The Short Humour Site

Home : Writers' Showcase : Submission Guidelines : A Man of a Few More Words : Links

Writers' Showcase

Sylvia Answers the Door
by Marvin Pinkis

Sylvia Fine (nee Fein) was at the pinnacle of her fame and fortune, renowned, well-publicized, a generous benefactress of the arts, a philanthropistess of great largesse, a patron of the downtrodden. Her wealth stemmed from shrewd investments and fortunate speculations, enhanced by winning substantial lotteries. The world was her oyster to say naught of caviar and other gourmet delicacies.

Often a guest on talk shows, during one in particular she divulged never having known her parents as her mother had inadvertently swallowed seventeen mah jong tiles. Her father, on the paternal side, was besides himself with despair after the tragic demise of his spouse although the union had never been consummated and, losing no time, committed himself to a life of the dissapated. Sylvia was an infant in swaddling clothes and was thrust into the world of foster families and those environments not sanctioned by anyone. Many was the time she had fled those inhospitable environs only to wind up in orphanages and other facilities for the unspoken for.

The revelation of her heritage’s ambiguity made front page news and was even considered as the theme for a pilot television series to be named “Up From the Bootstraps”, or “If She Could Do It, Why the Hell Can’t You?”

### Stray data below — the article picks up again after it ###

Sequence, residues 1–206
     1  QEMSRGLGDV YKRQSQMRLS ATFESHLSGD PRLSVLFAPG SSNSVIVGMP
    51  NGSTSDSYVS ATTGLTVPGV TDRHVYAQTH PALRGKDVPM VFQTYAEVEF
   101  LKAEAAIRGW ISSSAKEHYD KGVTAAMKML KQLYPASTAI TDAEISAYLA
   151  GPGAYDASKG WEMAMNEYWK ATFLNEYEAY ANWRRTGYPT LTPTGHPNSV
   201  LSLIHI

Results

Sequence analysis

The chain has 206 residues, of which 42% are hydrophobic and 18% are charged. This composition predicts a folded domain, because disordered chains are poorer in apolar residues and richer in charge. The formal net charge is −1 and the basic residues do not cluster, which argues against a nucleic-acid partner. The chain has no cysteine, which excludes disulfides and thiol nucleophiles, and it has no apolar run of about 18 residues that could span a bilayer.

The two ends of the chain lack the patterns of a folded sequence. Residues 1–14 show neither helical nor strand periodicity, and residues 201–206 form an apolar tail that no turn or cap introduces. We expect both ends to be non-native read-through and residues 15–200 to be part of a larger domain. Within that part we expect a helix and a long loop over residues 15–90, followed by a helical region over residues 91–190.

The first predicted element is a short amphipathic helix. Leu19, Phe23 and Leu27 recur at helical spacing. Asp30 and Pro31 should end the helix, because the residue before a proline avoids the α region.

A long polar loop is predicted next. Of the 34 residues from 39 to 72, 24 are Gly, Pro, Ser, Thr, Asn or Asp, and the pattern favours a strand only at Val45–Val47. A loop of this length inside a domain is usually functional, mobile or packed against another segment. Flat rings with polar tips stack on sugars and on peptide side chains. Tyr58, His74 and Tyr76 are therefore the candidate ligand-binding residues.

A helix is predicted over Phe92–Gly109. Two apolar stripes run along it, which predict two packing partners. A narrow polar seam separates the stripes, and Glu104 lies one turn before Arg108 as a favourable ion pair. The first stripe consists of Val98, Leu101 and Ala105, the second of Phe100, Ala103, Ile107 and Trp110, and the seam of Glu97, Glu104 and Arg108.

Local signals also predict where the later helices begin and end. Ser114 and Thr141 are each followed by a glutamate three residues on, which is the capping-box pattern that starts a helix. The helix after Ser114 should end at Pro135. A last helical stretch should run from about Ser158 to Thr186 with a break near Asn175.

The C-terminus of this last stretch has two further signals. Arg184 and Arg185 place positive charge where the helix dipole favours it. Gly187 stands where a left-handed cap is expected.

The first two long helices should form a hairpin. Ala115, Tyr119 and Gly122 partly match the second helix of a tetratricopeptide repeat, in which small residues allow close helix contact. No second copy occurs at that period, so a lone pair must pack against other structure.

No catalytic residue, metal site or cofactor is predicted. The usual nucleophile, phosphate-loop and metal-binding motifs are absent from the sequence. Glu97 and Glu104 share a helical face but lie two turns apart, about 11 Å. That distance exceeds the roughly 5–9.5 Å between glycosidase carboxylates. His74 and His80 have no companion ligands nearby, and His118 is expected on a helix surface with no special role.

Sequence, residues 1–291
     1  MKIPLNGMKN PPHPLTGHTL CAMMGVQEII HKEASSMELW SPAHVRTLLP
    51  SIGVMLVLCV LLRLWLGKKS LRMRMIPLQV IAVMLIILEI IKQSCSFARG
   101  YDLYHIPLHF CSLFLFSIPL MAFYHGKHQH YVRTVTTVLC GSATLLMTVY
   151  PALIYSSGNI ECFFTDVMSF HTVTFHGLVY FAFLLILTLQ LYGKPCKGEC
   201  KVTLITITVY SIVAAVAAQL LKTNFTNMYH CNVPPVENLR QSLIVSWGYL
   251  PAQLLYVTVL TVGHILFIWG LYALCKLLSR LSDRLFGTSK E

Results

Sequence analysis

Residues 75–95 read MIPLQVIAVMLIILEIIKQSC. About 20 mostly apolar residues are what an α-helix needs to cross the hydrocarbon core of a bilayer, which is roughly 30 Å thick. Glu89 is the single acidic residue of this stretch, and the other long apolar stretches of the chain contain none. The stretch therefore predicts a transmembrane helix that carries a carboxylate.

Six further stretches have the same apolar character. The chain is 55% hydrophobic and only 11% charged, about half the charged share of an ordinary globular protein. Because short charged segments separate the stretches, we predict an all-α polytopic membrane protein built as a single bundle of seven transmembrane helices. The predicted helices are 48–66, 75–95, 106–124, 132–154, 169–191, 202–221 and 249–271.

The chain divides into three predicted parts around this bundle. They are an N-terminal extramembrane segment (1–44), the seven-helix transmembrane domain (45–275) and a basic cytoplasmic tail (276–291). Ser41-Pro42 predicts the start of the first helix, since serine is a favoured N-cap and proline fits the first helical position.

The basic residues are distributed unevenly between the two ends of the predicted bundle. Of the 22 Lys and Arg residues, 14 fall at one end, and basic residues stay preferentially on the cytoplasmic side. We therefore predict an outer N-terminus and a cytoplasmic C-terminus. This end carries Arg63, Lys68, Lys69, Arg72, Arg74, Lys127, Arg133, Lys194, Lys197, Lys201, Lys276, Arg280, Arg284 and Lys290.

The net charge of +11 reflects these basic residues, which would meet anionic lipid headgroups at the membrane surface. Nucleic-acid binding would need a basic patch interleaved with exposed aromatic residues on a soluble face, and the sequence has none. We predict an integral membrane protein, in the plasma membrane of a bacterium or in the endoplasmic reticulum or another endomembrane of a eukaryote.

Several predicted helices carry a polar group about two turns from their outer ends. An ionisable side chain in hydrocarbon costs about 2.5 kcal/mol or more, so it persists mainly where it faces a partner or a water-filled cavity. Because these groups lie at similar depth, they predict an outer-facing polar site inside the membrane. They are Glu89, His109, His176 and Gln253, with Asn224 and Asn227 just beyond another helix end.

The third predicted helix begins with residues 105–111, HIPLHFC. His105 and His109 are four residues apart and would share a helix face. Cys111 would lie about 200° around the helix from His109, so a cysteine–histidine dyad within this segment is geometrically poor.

Sylvia steeled herself to the bombardment from charities and fortune seekers with hard luck stories.

On one occasion she answered the doorbell to see a woman in shabby attire standing there. In the whisk of an eye the woman in shabby attire extinguished a cigarette and concealed a bottle of bourbon under her coat.

Sylvia inquired, “Hello, who are you?”

The woman replied, “I didn’t expect you to recognize me. I’m Valerie, your long lost sister and I’m here to share our lives, mostly yours.” A tear appeared in the woman’s eye, then another and another and so on.

Sylvia was thrilled to discover an unknown relative and welcomed Valerie with open arms. Valerie said all the right things and Sylvia commenced a succession of extravagant parties, lavish dinners, gifts galore, like a subscription to “Boy Scout Monthly” and, oh yes, a new car. The new wardrobe was yet another amenity.

One day Valerie was upstairs doing her nails. Downstairs, Sylvia had to make a phone call. She picked up the phone only to hear Valerie say, “Yeah, Tommy baby, it’s me. You won’t believe all the gifts I got. It would take a truck to take it all away. And tomorrow’s the big day when I’m gonna hit the old witch up for half a million. When I get it I’m outta here and it’s gonna be just you and me, kid.”

Sylvia was infuriated and profoundly hurt. She waited until Valerie came down and confronted her with what she had heard, mentioned ingratitude, and booted her out.

After some time Sylvia got over such betrayal and disappointment and put on a new face for her public. Then one day the doorbell rang. She answered and saw a man practically in rags and reeking of spirits. The man hiccupped and said, “I’m Tommy, the brother you never knew you had.”